For after all his curtailed misery and pain,
Enrobed he lay in agony’s throes—
Pulsing away in Oeta’s pyre,
Soundless like our slaughtered foes.

The American thrash metal band Krom also allude to this myth in the anticlimactic ending to their song on the Twelve Labors of Heracles, titled “Tomb of Hercules”: “the death of this noble god, came at the hands of the woman he loved.” These two songs do not provide sufficient evidence that the bands specifically read the Women of Trachis, which remains Sophocles’ least popular play of those that survive (even criticized as a juvenile work of his for its lack of artistic merit). For one thing, the Krom song suggests that Heracles was still in love with Deianira, when the action of the drama revolves around the fact that Heracles fell in love with a Thessalian princes Iole, whom he brought home to Trachis where Deianira was queen. 

When it comes to direct engagement, two bands have adapted Sophocles’ Ajax. The play takes place during the Trojan War in the aftermath of the death of the Greeks’ greatest champion, Achilles. The leaders of the Greek task force, the brothers Agamemnon and Menelaus, hold a competition over who should be awarded Achilles’ divinely forged armor, and thus be considered the new “best of the Achaeans.” The contestants come down to Ajax and Odysseus. While Ajax (in Greek Αἴας/Aias) is unrivaled in terms of physical prowess and skill in combat, Odysseus wins the prize for his virtues as a strategist, which at that stage in the war became recognized as a superior asset (Odysseus would, after all, win the war through the ruse of the Wood Horse). The prideful Ajax is furious at the decision, and at the notion that the traditional masculine virtues of open warfare should be so devalued in favor of trickery and subterfuge. He resolves that the only way to compensate for this blow to his honor is to take bloody revenge on Odysseus as well as Agamemnon and Menelaus. But on the night he sets out from his tent to murder these men, the goddess Athena (who favors Odysseus) causes Ajax to hallucinate, and he attacks a flock of sheep, which he tortures and slaughters, under the delusion that these were the men he intended to kill.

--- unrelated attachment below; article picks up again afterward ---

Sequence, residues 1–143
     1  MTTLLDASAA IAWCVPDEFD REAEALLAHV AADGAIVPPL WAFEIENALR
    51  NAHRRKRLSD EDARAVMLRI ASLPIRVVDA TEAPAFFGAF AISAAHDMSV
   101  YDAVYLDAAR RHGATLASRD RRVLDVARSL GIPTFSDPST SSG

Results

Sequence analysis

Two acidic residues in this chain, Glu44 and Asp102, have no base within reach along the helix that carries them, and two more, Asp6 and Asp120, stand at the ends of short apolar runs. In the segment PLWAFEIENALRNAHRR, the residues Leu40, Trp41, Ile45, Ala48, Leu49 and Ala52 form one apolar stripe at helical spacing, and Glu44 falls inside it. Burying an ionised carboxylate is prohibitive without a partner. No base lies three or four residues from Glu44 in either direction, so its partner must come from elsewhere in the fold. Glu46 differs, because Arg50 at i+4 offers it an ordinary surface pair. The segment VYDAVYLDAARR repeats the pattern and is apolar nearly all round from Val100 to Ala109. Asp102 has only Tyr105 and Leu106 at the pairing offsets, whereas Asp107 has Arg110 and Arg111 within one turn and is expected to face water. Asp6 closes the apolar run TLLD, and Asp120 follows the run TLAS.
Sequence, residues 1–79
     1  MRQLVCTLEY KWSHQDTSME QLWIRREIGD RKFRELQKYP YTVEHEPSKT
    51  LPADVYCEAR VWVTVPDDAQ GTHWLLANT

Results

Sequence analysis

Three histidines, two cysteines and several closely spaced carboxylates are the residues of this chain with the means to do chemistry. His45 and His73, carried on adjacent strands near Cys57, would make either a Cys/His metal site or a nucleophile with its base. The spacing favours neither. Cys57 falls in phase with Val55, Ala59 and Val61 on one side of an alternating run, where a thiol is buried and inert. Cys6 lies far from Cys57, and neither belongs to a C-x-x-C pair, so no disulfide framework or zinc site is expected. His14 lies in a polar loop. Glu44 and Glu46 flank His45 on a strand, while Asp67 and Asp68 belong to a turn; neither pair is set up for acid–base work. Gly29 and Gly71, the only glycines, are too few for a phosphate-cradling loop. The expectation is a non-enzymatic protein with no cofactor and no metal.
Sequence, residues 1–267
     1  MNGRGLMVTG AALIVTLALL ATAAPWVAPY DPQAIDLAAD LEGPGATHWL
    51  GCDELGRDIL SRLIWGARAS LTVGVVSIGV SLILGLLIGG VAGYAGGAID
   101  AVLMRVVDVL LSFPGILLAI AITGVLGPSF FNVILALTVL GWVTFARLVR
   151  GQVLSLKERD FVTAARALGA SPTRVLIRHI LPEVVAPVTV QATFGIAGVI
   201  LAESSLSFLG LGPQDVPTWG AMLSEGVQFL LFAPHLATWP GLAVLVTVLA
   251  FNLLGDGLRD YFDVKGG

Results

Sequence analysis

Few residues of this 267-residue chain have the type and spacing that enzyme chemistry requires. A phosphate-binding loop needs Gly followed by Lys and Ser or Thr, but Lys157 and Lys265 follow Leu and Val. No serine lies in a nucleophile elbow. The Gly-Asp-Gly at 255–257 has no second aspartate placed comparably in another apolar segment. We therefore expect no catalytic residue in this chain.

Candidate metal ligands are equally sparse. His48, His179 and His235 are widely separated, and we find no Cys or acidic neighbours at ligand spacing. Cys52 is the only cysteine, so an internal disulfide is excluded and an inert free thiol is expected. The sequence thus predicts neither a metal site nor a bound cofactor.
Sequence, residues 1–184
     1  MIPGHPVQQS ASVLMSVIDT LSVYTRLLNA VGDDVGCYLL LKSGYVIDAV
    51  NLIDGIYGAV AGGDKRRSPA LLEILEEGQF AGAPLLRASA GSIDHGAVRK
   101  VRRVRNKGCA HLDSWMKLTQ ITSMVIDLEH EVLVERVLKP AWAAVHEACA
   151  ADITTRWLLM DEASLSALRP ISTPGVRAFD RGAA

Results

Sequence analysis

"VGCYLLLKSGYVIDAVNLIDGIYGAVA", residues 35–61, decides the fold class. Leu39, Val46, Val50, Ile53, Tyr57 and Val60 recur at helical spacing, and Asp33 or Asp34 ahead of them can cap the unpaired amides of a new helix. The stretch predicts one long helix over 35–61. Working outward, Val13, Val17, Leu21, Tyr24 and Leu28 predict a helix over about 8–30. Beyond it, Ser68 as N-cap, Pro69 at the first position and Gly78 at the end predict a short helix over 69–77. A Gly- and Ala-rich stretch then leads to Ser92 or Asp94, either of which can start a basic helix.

Sophocles’ play itself begins just as Ajax wakes up to the reality that, rather than avenging his dishonor, he further humiliated himself through this act of ovine butchery. Though it would mean abandoning his Salaminian comrades (the chorus), his concubine Tecmessa, and the son he had with her, he determines that the only way to save face at this point is to take his own life. In a scene that might have been the rare exception to the practice of avoiding the portrayal of death on stage, Ajax falls on his sword. The remainder of the play revolves around whether this man who plotted treason deserves a proper burial or be left as a feast for dogs and birds (a fate worse than death in Greek eschatology). Agamemnon forbids the burial, despite the protestations of Ajax’s brother Teucer. Odysseus, despite being a primary target of Ajax’s hatred, advises reconciliation, and persuades Agamemnon to relent. Ajax is duly buried. Ajax is ultimately about warriors who resist the changing of the times, Ajax who cannot fathom how intelligence is now valued over brute strength, and an Agamemnon whose royal fiat must give way to democratic debate and persuasion. While patriotically celebrating the new values of democratic Athens, Sophocles nevertheless takes the sore loser of the mythic Ajax and makes him a sympathetic character who, despite his misguidedness, became the plaything of partial gods, and who deserves to be treated with human dignity. 

The suicide of Ajax – Exekias – It's Artalicious!
Ajax prepares to kill himself. Black-figure amphora painted by Exekias, ~535 BCE. Boulogne-sur-Mer.

The first treatment of the Ajax comes from the Cypriot heavy/power metal band Solitary Sabred with their song “The Trojan Hero” on their 2009 album The Hero the Monster the Myth. The song focuses mainly on the psychological state of Ajax as he paces in his tent meditating violent revenge on Odysseus.

He started walking in the night
Pictures of anger in his mind